[VFP newspaper] Vietnam Full Disclosure is still echoing the lie that Kennedy was no different from Johnson. CIA assassinated Kennedy and rolled back all of Kennedy’s policies. JFK signed an executive order to prepare to pull out of Vietnam.

Criminalize the dissenters. Good protesters and bad protesters. Vietnam vets were not spit on—that was a myth. Not a single documented case, except by construction workers spitting on dissenters in Boston and NYC. In Corvallis, Vietnam vets were at the heart of the antiwar efforts. Try to divide natural allies. Vietnam vet recruiters on campus [OSU] were abused. There was a subtle distancing from Vietnam vet. Only one or two old friends even wanted to talk. Suicidal tendencies make it a lot worse. Launched rounds randomly. Killed couple hundred people—feels guilt and has been suicidal. But very disheartening for vets who kill people with no good reason. Takes your soul away.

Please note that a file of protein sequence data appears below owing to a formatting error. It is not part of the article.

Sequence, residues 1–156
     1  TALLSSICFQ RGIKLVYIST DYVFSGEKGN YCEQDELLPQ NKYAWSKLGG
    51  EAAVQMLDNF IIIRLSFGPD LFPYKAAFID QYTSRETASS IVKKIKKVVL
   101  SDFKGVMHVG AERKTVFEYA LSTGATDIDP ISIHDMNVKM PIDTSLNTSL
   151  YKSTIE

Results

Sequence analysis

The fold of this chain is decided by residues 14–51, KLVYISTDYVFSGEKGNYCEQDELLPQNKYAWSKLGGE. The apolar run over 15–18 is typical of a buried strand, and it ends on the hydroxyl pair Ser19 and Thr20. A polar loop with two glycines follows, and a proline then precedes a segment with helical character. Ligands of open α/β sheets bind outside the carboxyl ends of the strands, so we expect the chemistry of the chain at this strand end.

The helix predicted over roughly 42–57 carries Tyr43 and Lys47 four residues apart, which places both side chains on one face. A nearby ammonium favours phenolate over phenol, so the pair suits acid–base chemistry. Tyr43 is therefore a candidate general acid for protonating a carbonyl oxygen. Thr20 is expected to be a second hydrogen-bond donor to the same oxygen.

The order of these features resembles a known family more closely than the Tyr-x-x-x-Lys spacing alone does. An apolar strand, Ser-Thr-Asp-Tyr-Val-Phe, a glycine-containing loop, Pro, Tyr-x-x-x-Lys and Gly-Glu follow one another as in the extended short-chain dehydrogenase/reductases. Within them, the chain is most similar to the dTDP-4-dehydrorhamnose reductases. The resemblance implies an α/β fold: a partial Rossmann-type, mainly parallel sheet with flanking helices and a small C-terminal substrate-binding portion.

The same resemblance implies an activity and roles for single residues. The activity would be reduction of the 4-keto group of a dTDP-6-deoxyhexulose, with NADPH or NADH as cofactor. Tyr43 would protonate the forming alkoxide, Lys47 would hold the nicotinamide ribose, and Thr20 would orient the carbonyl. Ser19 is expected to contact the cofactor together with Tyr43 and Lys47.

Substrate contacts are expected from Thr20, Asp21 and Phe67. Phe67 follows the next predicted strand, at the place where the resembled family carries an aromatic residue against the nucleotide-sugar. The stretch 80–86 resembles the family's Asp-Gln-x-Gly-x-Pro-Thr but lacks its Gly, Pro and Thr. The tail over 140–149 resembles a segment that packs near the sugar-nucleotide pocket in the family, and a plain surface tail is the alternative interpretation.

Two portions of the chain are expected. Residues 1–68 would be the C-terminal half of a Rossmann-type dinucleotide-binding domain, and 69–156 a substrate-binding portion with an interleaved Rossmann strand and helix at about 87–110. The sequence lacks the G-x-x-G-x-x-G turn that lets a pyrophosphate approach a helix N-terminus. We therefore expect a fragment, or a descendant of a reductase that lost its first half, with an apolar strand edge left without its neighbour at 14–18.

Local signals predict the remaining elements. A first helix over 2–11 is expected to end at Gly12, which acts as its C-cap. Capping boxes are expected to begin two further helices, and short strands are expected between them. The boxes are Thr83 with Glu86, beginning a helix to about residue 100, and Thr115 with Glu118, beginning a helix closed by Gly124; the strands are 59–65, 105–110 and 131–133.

The military-industrial complex is self-perpetuating machine. Have to consume product to keep it going.

Ego of president was also a driver of the war.

Does Burns ever talk about the Hmong people? Another omission. Didn’t’ cover the draft either, which had a lot to do with the ending of the war.

Mistreatment of Vietnam vets was more by conservatives who were angry that the veterans didn’t “win.” [Participant’s father was a Vietnam vet.] Her anger is directed not at the soldiers, but at the civilian leadership.

Agent Orange—was illegal to use in the U.S. [for agricultural purposes] at the same time it was used in Vietnam because the dangers were well known.